This page contains a list of events that occured in Luton and surroundings 1914-1919, as well as global events that affected Luton's people.
When you add an ancestor to this site, it is always a good idea to try and connect them to an 'event' that happened in their life. E.g. if they fought at the Battle of the Somme, then you can make this connection on the 'Add Person' form.
With war clouds gathering in the summer of 1914, a South Beds Territorial Recruiting Week was opened with a review at Luton Hoo on May 30th, 1914, at which the salute was taken by the Lord Lieutenant of Bedfordshire, Mr S. Howard Whitbread, in his plumed helmet.
An entry into Switzerland riding on the step of a railway goods waggon is one of the Rev H. C. Mander's reminiscences of this summer's holidays. Mr Mander, who is a brother of Mr E. A.
Mr W.T. Lye, J.P., of Leagrave Hall and of the well-known Luton firm of bleachers and dyers, is to be congratulated on the fact that he and Mrs Lye, with their son and daughter, Mr Ernest B.
Mr H. W. Kingston, a director of Messrs Carruthers Bros, manufacturers of Luton, had an unenviable time in getting back from Paris. He was on a continental business journey, and his first call was Paris.
Mr William Weatherhead, an engineer of Dumfries Street, who, with Messrs R. Starke, W. Boyson and W. Breed, went to Ostend on Saturday, had an exciting experience. Rumours were current on Sunday that all English visitors would have to return on the Monday.
Mr F. R. Cook, of 74 Ashburnham Road, Luton, has just arrived home after a most exciting voyage from Malta.
Britain, led by Prime Minister Herbert Asquith, had given Germany an ultimatum to remove their troops from Belgium by midnight of August 3rd.
Events have moved with appalling swiftness during the past week. Austria is at war with Servia [Serbia], Germany is at war with Russia and France, and we ourselves are on the very verge of war with Germany.
At a meeting of the Bleachers and Dyers Section of the Luton Chamber of Commerce held on Monday, the position of the industry under the present war conditions was carefully considered, and at a general meeting of the industry convened by the section yesterday (Wednesday) the following sta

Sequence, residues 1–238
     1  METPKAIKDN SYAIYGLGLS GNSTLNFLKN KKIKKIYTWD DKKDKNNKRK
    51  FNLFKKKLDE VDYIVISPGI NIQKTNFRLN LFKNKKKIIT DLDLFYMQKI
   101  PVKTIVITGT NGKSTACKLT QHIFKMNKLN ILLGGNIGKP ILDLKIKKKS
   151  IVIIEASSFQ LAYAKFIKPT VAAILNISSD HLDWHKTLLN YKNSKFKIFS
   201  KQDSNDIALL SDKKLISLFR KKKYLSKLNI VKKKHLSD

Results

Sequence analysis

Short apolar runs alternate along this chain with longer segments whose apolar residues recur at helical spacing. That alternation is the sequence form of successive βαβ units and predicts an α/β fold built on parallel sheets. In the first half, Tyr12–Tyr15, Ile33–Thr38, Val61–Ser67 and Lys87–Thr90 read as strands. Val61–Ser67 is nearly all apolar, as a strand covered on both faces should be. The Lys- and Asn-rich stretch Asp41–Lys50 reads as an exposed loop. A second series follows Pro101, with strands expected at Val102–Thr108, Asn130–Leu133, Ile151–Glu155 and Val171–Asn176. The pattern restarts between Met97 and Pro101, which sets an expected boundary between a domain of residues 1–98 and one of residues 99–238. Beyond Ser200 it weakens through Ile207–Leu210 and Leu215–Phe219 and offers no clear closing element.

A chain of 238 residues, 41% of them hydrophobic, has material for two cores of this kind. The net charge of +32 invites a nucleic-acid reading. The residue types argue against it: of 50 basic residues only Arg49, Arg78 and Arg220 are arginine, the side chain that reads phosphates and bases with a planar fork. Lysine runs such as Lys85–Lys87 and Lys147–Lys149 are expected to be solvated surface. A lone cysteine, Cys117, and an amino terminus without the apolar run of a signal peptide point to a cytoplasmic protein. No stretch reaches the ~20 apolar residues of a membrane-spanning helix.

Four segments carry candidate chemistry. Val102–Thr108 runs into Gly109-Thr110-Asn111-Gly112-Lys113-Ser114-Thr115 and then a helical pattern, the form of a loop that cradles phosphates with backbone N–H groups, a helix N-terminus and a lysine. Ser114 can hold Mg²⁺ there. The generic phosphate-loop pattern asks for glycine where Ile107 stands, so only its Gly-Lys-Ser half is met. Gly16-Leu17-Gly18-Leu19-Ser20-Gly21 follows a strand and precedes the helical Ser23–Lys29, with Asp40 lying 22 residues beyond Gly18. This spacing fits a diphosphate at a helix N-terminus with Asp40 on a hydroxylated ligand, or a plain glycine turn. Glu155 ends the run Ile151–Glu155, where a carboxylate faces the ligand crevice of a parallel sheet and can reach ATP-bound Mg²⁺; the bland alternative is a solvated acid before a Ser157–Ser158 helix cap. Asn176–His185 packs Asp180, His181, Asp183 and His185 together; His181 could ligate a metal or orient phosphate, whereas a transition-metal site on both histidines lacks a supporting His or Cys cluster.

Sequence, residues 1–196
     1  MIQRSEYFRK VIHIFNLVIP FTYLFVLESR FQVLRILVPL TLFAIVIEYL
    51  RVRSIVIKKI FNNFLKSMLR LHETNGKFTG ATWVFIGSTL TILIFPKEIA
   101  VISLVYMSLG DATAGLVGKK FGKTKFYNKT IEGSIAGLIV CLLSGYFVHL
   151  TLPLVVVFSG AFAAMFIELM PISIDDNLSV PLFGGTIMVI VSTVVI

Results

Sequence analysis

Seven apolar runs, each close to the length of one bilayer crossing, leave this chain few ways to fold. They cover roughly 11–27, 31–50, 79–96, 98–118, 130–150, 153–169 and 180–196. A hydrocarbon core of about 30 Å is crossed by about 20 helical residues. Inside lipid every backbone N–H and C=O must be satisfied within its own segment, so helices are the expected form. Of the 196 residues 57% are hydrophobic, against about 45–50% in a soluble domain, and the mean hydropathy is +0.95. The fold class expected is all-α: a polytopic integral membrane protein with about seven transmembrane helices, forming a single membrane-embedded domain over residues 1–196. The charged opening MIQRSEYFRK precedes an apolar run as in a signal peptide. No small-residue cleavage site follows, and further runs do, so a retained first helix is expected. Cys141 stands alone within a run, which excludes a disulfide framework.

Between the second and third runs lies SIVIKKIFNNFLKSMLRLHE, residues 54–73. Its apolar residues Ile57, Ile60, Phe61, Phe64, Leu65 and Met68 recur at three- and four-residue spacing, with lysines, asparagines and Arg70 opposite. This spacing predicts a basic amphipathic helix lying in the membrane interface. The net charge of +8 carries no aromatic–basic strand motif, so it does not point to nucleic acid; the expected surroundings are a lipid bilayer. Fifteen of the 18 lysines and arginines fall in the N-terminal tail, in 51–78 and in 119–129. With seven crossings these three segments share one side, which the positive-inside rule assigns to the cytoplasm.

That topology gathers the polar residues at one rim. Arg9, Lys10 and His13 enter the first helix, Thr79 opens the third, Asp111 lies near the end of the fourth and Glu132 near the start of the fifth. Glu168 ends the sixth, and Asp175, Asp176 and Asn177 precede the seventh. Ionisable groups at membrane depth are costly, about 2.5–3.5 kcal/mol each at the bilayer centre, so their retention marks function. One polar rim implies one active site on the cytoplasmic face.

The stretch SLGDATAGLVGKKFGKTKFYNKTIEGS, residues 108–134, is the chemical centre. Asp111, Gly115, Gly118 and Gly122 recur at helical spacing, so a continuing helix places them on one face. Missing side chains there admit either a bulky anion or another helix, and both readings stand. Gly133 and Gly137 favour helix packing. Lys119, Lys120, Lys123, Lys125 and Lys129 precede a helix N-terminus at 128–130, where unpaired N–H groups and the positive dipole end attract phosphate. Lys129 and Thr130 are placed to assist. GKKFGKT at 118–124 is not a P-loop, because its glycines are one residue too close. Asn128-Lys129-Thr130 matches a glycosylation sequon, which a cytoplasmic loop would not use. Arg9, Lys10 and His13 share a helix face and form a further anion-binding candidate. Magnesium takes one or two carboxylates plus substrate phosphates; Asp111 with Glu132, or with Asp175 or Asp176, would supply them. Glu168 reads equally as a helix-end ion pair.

The Engineering Section of the Luton Chamber of Commerce have decided to request all the members of the section to act in conformity with the following resolution:
Luton is now not so full of Territorial visitors for some thousands marched out during the weekend for fresh quarters at Harpenden, but there are still sufficient remaining here for the streets to continue to be unusually crowded in the evening hours.
MP Cecil Harmsworth's Parliamentary letter: The Luton News, August 27th, 1914.
Mr Frederick Holland, a young nephew of Mrs Arthur Dimmock, has just arrived in Luton after an exciting escape from Brussels, where he was present during the German entry into the city.
This young Canadian man was looking for love, and whilst it may seem unusual to modern observers, in WWI it was considered perfectly normal to look for a wife via the workhouse. This young man could offer passage to a new life in another country.
The Recruiting Committee which organised the recent Territorial boom in South Beds and who managed to draw in enough recruits to bring the local companies of the 5th Battalion, Beds Regiment, almost up to full strength, are now to carry on another campaign in order to gain recruits both f